Now some people claim here that Aaron is having second thoughts and that he proclaims a “feast to the Lord” because he feels guilty that he has made the golden calf.  This is not what I see here.  I see a continuation where Aaron “built an altar before it.  AND Aaron made a proclamation”.

And the LORD said unto Moses, Go, get thee down; for thy people, which thou broughtest out of the land of Egypt, have corrupted themselves.  They have turned aside quickly out of the way which I commanded them: they have made them a molten calf, and have worshipped it, and have sacrificed thereunto, and said, These be thy gods, O Israel, which have brought thee up out of the land of Egypt.  And the LORD said unto Moses, I have seen this people, and, behold, it is a stiffnecked people.  Now therefore let me alone, that my wrath may wax hot against them, and that I may consume them: and I will make of thee a great nation. (Exodus 32:7-10)

God sees the sin of the people of Israel and he becomes intensely angry. After all that he had done for them, they want to start worshiping a statue five minutes after he takes Moses up the mountain. God commands Moses to leave that he may become angry and destroy the people of Israel. After the nation is destroyed, God will then take and make Moses into a great nation.

And Moses besought the LORD his God, and said, LORD, why doth thy wrath wax hot against thy people, which thou hast brought forth out of the land of Egypt with great power, and with a mighty hand?  Wherefore should the Egyptians speak, and say, For mischief did he bring them out, to slay them in the mountains, and to consume them from the face of the earth? Turn from thy fierce wrath, and repent of this evil against thy people.  Remember Abraham, Isaac, and Israel, thy servants, to whom thou swarest by thine own self, and saidst unto them, I will multiply your seed as the stars of heaven, and all this land that I have spoken of will I give unto your seed, and they shall inherit it for ever.  And the LORD repented of the evil which he thought to do unto his people. (Exodus 32: 11-14)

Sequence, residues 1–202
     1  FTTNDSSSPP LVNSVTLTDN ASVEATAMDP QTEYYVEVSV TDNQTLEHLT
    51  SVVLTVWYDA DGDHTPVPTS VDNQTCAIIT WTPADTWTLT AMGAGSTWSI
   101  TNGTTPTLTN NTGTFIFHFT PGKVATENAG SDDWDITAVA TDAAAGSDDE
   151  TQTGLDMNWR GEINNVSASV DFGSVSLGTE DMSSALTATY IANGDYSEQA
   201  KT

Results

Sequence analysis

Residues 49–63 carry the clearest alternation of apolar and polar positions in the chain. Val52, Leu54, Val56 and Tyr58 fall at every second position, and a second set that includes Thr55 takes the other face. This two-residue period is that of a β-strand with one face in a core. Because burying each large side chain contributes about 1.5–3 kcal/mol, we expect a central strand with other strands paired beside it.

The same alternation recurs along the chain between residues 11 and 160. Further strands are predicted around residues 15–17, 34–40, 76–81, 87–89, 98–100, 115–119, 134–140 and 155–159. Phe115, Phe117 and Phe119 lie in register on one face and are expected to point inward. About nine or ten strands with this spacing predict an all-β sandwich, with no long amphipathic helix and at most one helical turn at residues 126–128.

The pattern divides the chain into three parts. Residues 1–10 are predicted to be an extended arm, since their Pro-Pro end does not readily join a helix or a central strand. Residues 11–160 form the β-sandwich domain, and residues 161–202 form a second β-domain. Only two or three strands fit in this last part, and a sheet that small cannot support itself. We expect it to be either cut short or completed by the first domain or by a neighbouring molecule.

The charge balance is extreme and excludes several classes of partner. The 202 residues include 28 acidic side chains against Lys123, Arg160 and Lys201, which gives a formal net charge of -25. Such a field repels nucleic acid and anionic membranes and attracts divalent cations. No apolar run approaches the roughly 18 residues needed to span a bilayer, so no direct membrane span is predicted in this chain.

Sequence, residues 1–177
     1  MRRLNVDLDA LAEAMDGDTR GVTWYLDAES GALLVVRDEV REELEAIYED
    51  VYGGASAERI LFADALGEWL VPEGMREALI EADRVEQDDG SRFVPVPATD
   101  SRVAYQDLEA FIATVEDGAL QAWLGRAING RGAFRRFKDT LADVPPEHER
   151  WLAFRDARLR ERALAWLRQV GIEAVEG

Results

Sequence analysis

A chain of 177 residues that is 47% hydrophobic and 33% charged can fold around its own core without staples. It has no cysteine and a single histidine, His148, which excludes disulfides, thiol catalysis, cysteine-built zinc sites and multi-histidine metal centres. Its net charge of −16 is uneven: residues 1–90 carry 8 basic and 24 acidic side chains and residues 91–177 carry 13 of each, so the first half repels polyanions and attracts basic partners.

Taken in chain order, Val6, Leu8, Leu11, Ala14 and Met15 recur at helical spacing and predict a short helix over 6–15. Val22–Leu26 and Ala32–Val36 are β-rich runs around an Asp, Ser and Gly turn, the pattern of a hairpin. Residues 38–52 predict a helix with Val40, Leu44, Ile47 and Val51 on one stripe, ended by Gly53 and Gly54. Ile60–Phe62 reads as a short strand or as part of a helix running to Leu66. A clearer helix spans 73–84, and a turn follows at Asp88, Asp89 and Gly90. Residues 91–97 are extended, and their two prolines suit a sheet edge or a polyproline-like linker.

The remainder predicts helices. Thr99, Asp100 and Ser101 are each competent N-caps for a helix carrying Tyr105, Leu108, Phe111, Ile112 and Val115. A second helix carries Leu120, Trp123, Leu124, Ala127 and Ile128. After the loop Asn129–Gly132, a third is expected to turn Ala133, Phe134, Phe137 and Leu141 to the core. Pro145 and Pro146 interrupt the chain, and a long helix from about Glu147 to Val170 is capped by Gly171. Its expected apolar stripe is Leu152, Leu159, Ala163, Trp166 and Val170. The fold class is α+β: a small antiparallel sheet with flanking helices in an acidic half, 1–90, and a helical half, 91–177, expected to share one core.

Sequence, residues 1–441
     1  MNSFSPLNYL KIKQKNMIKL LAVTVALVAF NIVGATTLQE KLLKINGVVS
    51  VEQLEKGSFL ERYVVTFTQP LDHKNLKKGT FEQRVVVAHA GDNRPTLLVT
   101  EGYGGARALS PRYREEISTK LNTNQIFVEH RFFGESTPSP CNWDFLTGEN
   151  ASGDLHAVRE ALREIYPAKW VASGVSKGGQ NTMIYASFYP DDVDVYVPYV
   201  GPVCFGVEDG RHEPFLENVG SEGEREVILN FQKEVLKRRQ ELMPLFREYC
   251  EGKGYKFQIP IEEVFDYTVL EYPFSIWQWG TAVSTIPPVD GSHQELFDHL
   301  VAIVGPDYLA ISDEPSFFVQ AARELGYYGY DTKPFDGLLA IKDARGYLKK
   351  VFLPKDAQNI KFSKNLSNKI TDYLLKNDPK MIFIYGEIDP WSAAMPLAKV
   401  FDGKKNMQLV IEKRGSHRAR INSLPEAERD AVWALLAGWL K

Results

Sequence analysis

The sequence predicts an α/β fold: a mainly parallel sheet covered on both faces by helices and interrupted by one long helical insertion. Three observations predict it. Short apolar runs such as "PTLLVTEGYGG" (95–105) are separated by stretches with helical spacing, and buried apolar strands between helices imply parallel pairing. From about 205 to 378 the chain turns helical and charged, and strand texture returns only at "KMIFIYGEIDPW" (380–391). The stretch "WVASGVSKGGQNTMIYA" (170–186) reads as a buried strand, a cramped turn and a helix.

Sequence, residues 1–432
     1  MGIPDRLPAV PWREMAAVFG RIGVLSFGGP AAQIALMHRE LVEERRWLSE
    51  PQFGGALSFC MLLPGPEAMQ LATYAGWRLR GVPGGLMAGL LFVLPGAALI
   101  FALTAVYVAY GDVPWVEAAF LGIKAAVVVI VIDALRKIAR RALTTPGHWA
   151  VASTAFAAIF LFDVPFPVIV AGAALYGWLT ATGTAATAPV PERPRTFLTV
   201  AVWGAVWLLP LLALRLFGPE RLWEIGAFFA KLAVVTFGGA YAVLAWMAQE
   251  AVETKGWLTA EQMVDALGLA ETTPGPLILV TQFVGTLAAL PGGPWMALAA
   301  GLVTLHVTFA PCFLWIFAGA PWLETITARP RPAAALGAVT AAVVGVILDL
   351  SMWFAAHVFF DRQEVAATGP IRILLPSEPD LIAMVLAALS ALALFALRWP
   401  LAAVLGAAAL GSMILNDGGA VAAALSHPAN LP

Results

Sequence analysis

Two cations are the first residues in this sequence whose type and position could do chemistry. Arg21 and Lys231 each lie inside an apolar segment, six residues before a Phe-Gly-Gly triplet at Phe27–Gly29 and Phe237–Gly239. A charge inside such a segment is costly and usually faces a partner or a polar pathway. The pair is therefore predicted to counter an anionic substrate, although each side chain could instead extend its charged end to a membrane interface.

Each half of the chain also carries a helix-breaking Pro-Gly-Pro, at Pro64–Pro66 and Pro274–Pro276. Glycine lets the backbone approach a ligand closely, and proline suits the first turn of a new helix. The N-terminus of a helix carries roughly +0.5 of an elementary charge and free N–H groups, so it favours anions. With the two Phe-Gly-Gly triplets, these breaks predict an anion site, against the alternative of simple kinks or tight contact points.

In these verses, God is testing Moses as he tested Abraham (see Genesis 18) before him. If Moses will agree to God’s command and “let me alone”, then Moses will be made into a great nation. Moses, however, passes the test and demonstrates why he is God’s chosen instrument. In a passage reminiscent of Abraham’s intercession for the people of Sodom and Gomorrah, Moses intercedes for the nation of Israel. This request for mercy is very pleasing to God and God relents of the judgment that he had thought to do to his people Israel.

And Moses turned, and went down from the mount, and the two tables of the testimony were in his hand: the tables were written on both their sides; on the one side and on the other were they written.  And the tables were the work of God, and the writing was the writing of God, graven upon the tables.